The Grapevine

70% Of College Students Are Worried About Their Financial Situation

College debt
College students are getting stressed out over their mounting debts. Photo Courtesy of Shutterstock

It should come as no surprise that American students are sinking themselves ever deeper into financial debt in order to pay for their college education. According to the Institute for College Access & Success (TICAS), 69 percent of college graduates are carrying around debt, as of 2013. The average amount of their loans amounts to $28,400.

And it seems that sobering reality has begun to loom heavy for college students still in school, according to a survey released by Ohio State University today. The survey, part of the university’s larger National Student Financial Wellness Study, found that 70 percent of college students are stressed out about their personal finances.

Polling 18,795 students across 52 different colleges and universities, the study authors additionally found that 60 percent are scared they won’t have enough money to pay for school; about 50 percent are worried about making their monthly ends meet; and 32 percent admit that their money woes sometimes get in the way of actually studying for their classes. "The number of students feeling financial stress is striking," said co-author Dr. Anne McDaniel, associate director of research and data management at The Ohio State University's Center for the Study of Student Life, in a press statement.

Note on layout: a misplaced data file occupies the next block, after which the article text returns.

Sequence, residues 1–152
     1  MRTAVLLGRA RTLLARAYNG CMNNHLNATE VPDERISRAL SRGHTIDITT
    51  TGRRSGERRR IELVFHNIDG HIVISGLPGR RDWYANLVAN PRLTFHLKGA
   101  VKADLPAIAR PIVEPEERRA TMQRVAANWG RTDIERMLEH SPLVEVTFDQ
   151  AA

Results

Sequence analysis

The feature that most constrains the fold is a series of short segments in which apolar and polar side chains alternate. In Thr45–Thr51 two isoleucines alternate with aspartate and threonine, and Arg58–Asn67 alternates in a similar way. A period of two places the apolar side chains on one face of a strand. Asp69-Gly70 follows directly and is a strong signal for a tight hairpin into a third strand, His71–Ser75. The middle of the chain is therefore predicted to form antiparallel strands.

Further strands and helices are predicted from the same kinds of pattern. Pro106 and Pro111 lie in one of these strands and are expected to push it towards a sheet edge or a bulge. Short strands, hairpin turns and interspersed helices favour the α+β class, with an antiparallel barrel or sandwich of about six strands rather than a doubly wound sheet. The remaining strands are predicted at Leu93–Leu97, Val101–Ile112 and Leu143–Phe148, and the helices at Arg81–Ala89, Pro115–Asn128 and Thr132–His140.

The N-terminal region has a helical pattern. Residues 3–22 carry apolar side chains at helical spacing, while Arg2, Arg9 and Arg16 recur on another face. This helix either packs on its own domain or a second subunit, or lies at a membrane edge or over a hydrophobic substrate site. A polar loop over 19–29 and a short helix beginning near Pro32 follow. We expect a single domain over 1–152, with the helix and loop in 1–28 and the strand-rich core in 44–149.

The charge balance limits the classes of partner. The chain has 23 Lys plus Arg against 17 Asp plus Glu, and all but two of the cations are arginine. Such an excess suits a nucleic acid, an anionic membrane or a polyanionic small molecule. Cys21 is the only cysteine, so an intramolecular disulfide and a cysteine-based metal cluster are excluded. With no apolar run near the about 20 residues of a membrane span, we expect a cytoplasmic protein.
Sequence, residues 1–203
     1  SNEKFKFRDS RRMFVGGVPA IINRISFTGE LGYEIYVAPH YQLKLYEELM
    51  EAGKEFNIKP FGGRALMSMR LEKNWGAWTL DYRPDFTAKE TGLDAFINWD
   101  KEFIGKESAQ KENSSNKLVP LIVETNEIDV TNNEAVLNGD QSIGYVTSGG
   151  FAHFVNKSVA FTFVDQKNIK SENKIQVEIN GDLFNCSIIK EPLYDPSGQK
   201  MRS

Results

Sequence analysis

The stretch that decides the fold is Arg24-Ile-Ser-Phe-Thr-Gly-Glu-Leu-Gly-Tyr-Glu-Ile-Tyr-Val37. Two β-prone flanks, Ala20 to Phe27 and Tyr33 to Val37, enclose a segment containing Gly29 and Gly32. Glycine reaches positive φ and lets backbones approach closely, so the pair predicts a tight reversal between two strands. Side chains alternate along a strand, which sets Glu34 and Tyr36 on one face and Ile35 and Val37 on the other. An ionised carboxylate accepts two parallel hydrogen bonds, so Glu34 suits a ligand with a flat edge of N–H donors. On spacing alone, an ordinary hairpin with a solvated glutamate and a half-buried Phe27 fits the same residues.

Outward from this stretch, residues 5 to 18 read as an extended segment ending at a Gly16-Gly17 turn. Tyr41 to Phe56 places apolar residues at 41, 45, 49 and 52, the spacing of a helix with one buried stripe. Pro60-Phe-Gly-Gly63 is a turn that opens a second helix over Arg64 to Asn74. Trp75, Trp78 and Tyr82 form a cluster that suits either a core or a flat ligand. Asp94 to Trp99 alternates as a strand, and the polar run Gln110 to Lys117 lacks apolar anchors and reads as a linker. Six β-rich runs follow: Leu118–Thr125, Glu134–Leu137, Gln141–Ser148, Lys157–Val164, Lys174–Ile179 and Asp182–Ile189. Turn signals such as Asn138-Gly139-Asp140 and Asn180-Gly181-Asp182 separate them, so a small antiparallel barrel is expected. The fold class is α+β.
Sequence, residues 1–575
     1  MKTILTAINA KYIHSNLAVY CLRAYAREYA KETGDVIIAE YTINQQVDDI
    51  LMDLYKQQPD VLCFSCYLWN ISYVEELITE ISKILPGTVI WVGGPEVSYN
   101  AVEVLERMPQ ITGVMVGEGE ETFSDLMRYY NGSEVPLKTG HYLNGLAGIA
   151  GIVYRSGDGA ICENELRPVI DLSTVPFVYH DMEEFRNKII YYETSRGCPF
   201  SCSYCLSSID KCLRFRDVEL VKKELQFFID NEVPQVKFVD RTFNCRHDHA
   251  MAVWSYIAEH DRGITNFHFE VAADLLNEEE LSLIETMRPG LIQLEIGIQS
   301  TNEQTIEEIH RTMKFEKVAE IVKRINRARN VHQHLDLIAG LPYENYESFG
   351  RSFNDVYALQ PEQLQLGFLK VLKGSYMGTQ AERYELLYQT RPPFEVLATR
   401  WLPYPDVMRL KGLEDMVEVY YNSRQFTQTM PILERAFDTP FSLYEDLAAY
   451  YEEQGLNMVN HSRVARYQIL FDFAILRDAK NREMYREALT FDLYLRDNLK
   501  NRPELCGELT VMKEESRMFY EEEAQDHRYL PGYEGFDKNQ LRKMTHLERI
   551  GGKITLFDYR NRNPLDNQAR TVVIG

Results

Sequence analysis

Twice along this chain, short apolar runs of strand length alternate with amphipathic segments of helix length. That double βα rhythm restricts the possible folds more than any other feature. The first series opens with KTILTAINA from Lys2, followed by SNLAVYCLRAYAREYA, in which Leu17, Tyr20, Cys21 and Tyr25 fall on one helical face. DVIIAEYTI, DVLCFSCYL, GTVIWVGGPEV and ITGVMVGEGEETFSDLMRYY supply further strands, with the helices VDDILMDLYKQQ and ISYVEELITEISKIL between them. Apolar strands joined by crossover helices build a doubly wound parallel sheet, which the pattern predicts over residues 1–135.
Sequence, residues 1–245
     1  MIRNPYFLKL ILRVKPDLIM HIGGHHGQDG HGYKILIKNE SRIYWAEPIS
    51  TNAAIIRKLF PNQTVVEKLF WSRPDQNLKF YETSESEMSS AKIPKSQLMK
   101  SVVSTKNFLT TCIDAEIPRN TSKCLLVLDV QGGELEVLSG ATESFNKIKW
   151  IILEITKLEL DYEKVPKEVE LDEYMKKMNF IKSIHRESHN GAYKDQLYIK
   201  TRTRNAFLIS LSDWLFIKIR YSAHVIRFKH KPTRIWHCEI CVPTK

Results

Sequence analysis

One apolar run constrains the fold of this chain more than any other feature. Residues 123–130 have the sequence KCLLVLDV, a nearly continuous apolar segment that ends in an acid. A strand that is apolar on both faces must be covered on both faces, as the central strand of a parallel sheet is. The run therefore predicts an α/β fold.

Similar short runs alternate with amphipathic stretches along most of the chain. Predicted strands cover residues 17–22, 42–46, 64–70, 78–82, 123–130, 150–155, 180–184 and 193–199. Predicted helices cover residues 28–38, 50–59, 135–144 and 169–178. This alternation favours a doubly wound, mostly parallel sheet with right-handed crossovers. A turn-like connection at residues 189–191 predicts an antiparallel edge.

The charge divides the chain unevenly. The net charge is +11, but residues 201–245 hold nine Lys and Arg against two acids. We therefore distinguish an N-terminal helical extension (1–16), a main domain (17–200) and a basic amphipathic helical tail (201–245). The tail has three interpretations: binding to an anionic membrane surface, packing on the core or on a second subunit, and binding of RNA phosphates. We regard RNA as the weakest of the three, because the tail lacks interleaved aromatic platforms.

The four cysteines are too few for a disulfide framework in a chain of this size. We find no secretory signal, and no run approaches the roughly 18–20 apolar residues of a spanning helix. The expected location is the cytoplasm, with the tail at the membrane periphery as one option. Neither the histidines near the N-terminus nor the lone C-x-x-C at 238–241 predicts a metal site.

Also perturbing was the fact that about 20 percent of those with loans (64 percent in their sample) had at least $30,000 worth of debt, and a similar percentage took on as much debt as they could. "About 30 percent of students with loans said they borrowed the maximum amount for which they qualify each year, which may not always be the best choice," McDaniel said. "But the good news is that about half the students with loans said they tried to borrow as little as possible."

For some however, these financial burdens sometimes led to students either reducing the number of classes they took (nearly 30 percent), taking a break from their education (16 percent), and even transferring to another college (13 percent).

Despite all that doom and gloom, the majority of students are actually pretty damn hopeful about their financial situation, with almost 80 percent who believe they’ll be able to eventually pay back any debt accumulated during college, as well as believing that their educational success will be worth the price of admission. "Students feel good about their decision to go to college and think it will pay off in the end," said co-author Dr. Catherine Montalto, an associate professor of human sciences at Ohio State.

Montalto and her colleagues hope to further explore the relationship between financial stress and college success, including with a more extensive survey of students that will be performed in the next two years. In the meantime, she advocates a greater focus on supporting students. "We need to help students manage their stress so they can be conscientious about their financial decisions, but not so overwhelmed that it hurts their academics or health," she said.

Source: Ashton B, McDaniel A, Montalto C, et al. National Student Financial Wellness Study. Ohio State University. 2015.

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